The Mystery of the Haunted Cottage Review
Patrick Kavanagh-Sproull gives his verdict on the 10th Doctor 50th anniversary ebook.
Personally, I’m going to be sad when these e-books come to an end next month. Puffin’s new project to celebrate the fiftieth anniversary of Doctor Who has unlocked the fan in ten, soon to be eleven, wonderfully talented authors. Some have really spilled out their inner ‘Whovian’ onto the page (e.g. Michael Scott, Malorie Blackman, Alex Scarrow) whilst others have looked at it as simple publicity, not considering how much of a big deal it is to be commissioned to write for Doctor Who, be it a cracker-barrel e-book. The series – now officially called 11 Doctors, 11 Stories – could continue into next year, seeing as there are plenty of hidden Who fans out there, all I’m sure would be game to write a story. In a way, 11 Doctors, 11 Stories sort of is continuing. A new venture, not coordinated by Puffin, called Time Trips is on its way and the likes of Nick Harkaway, Trudi Canavan, A.L. Kennedy and returning alumni Jenny Colgan have signed up. I’m even more pleased to hear that Canavan and Kennedy are tackling two of the classic Doctors (the Third and Fourth for the curious). I’m looking forward to seeing the Time Trips novellas but I’ll still miss 11 Doctors, 11 Stories.
The penultimate author is Derek Landy, author of the Skulduggery Pleasant series and an established fan of the show (e.g. he misses Amy, he fancied Karen Gillan, he thought The Doctor, the Widow and the Wardrobe was poor and that Richard E. Grant was underused in The Snowmen). His inclusion in this series seemed inevitable and his story, The Mystery of the Haunted Cottage is exactly what you’d expect: a heartfelt ode to David Tennant’s bubbly incarnation.
I’m thrilled that Landy used Martha as his companion. If he’d used Rose (Charlie Higson last month has already used her, in a way) then he would have had to add to their courtship and in such a small word-count everything has to be stripped down: plot, dialogue, character development. Donna would have been interesting but it seems Landy, as he put in his own words, has always “had a soft spot for unrequited love” and thus we end up with Martha. Upon first reading The Mystery of the Haunted Cottage I thought Landy had gotten Martha’s characterisation muddled but then I went off and watched some of her Series Three stories. Now I completely understand. Landy has gotten her quirks and mannerisms down to the ground although the Tenth Doctor is a bit shakier.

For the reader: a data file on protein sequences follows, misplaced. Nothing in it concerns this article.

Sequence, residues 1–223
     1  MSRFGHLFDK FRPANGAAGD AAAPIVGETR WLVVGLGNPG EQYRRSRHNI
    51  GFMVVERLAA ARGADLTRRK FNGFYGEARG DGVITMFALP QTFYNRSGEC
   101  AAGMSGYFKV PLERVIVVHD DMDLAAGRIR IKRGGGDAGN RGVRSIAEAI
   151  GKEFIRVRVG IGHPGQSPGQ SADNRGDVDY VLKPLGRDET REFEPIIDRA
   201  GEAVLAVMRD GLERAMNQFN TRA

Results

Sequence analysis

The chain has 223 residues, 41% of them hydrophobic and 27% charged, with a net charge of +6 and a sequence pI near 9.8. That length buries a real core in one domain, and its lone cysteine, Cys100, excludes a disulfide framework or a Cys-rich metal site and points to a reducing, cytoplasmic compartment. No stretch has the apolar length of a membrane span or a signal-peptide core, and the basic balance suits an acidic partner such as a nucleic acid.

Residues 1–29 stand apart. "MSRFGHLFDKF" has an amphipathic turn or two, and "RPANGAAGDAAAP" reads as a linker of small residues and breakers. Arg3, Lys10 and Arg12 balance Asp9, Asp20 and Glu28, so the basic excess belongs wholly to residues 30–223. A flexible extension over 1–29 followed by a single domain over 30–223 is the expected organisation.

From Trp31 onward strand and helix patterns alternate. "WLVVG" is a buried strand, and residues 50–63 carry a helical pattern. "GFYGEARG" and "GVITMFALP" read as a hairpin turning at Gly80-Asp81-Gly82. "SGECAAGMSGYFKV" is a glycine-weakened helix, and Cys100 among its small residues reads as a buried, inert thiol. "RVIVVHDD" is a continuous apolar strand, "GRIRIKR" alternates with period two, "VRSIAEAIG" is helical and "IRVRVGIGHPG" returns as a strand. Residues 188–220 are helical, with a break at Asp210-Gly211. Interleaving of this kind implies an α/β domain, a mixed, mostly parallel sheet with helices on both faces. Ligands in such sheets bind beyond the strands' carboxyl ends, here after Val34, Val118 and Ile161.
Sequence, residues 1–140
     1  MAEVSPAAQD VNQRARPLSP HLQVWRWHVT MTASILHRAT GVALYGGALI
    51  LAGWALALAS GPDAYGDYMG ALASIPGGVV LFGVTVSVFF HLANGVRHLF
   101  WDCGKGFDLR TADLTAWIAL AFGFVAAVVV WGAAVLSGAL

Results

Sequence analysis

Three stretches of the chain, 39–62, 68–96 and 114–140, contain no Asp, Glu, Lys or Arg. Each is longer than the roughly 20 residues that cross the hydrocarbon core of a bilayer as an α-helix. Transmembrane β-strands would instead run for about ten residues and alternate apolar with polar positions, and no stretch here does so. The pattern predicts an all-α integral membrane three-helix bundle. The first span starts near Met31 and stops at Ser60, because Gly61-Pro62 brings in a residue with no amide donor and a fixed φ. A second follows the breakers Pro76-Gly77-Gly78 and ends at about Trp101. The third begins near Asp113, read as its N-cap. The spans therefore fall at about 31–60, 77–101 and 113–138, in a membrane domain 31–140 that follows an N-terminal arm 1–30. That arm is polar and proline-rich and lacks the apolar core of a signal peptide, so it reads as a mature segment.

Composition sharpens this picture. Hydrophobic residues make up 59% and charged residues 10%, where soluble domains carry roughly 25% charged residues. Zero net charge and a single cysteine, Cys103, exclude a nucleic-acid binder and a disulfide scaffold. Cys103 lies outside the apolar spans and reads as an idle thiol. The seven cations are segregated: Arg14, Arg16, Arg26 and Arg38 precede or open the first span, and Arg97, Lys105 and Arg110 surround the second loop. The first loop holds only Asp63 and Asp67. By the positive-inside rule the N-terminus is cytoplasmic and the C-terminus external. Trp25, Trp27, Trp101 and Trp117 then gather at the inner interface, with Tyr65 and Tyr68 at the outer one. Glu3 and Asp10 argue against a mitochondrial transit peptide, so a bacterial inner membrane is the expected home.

Landy loves the Tenth Doctor, that’s clear from page one. But perhaps he loves the Tenth Doctor a bit too much. The dialogue of David Tennant’s late incarnation hovers around the bullseye; it’s almost too exaggerated. I’m all for the Doctor maundering and babbling but Landy almost overeggs the tenth Time Lord’s prattling. Perhaps this is for the best – I’d much prefer this madcap, totally bonkers incarnation to an understated interpretation (if, say, Landy got it wrong and not overly right) who talks less and is an altogether more mellow character. It’s really down to your preference – I thought he was a big over-the-top but then that shows how much Landy loves the Tenth Doctor.
As soon as the appetite-whetting synopsis was released earlier this month speculation was rife that the Land of Fiction would make an appearance. Landy himself has confirmed the Land of Fiction isn’t the location of The Mystery of The Haunted Cottage. Surprisingly Landy didn’t know the aforesaid pocket universe existed and actually wrote half of the e-book before the BBC dropped him a line saying, “err… Derek, you might want to watch The Mind Robber.” I’m sure his reply contained some choice words of frustration. The world Landy has created is basically the Land of Fiction but with a creator (someone different to the Master of the Land of Fiction in the Second Doctor story I just mentioned) and I shan’t be giving away their identity – it’s not just the mystery of the haunted cottage you need to solve.